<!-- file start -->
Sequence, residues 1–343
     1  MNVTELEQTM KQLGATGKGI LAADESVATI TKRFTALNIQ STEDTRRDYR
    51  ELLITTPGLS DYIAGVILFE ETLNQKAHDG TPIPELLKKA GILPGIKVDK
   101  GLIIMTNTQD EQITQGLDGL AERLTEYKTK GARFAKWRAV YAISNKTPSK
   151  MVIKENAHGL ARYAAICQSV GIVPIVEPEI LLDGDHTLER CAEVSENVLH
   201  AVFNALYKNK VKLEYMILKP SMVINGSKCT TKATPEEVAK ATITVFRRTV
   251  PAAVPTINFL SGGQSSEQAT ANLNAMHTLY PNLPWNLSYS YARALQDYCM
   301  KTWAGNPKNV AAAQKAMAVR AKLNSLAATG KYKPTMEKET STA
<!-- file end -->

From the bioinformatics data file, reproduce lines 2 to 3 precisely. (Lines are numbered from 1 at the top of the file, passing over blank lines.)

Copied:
     1  MNVTELEQTM KQLGATGKGI LAADESVATI TKRFTALNIQ STEDTRRDYR
    51  ELLITTPGLS DYIAGVILFE ETLNQKAHDG TPIPELLKKA GILPGIKVDK